There are broadly two styles or paradigms to answer this. One assumes that all languages are the same and that differences are minor and superficial. The other assumes no such thing and is open to the possibility that worldview can be shaped by language. These two views are respectively called cloak-vs-mold
If you are drawn to the first you will prefer
If you are more drawn to the second you may find the following interesting.
(Where the terms are widely discussed I've not put a link – let google be your guide!)
All the above can be treated as detailed exegesis on Wittgenstein's :
The limits of my language are the limits of my world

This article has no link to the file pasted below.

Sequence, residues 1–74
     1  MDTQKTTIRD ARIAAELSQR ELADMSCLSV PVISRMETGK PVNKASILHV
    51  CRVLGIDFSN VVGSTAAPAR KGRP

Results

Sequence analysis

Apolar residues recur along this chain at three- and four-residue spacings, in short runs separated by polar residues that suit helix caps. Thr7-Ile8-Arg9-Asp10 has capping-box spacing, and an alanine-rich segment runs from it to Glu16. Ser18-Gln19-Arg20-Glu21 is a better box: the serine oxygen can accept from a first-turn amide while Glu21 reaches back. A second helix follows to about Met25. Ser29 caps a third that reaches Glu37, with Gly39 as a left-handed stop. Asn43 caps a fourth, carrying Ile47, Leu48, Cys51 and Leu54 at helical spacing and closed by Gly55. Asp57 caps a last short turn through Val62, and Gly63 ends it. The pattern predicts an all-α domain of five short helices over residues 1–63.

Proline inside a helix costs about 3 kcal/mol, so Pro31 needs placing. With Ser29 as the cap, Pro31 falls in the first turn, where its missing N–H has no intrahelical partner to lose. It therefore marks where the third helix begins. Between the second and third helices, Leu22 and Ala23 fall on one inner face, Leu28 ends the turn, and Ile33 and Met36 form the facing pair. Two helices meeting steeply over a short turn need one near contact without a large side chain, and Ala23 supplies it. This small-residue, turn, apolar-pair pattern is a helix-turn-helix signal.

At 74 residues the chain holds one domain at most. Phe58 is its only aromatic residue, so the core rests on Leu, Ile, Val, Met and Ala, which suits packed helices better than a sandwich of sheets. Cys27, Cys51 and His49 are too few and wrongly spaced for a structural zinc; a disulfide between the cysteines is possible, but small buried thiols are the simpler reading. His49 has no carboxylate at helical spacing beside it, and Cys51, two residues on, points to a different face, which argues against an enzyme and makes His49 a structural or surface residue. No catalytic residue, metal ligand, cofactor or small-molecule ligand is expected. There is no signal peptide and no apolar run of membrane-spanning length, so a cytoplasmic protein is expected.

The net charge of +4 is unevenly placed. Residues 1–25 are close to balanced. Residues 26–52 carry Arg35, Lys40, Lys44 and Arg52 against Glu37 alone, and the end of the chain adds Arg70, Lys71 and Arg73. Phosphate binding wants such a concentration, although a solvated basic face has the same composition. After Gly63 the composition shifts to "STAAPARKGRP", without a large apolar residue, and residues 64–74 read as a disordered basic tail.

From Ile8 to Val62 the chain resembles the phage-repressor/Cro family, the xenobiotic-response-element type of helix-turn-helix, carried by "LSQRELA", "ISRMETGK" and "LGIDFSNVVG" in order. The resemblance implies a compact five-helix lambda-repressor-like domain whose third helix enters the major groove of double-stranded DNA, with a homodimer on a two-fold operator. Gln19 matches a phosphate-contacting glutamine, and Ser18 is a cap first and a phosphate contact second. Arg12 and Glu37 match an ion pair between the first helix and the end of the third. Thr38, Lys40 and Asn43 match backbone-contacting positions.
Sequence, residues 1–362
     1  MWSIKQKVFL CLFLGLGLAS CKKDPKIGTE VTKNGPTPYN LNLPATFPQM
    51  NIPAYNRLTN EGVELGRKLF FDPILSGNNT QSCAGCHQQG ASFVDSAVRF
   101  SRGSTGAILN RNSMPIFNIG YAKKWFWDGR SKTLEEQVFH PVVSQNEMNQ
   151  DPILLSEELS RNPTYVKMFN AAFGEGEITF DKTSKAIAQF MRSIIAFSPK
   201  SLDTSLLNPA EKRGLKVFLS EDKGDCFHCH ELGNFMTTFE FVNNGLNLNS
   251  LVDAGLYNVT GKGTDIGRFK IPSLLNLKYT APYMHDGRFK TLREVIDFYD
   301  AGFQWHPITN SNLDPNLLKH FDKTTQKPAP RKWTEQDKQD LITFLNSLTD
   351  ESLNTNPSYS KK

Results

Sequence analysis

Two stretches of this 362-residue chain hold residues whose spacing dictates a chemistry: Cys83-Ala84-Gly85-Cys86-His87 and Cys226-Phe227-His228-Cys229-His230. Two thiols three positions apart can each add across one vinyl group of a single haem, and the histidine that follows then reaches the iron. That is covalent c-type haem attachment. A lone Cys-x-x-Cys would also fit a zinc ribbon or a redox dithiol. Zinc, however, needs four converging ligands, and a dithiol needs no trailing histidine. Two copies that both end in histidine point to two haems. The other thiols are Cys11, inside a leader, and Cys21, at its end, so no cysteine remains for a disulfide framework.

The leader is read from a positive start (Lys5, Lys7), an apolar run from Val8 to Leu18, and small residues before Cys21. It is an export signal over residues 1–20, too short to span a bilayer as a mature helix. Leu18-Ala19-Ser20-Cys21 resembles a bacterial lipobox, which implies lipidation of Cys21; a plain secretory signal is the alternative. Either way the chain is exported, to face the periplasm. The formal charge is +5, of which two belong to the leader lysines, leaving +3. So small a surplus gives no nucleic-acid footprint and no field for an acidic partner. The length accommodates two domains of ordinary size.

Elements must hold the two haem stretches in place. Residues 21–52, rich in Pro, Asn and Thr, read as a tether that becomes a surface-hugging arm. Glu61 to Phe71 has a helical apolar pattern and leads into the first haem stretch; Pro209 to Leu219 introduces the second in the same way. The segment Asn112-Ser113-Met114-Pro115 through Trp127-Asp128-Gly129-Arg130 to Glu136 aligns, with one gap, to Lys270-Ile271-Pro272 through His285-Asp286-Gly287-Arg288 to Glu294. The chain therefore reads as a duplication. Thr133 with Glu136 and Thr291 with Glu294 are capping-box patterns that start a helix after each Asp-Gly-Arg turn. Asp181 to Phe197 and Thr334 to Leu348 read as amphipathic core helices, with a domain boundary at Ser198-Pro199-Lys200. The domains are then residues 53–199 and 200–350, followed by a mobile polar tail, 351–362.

Or the always oblique and punchy Nietzsche
You say you don't believe in God yet you believe in grammar?!
Also here's a decent summary of the divergence of the two camps.
And an answer of mine illustrating how a seemingly philosophical problem is really a linguistic one.
Note: Your statement
What is a matter
seems ungrammatical to me.
Whereas as a rule I almost never quibble about other people's grammar, in this case it is sufficiently ambiguous that I need to point out that it's two alternative corrections are really far apart.
- What is matter?
- What is the matter?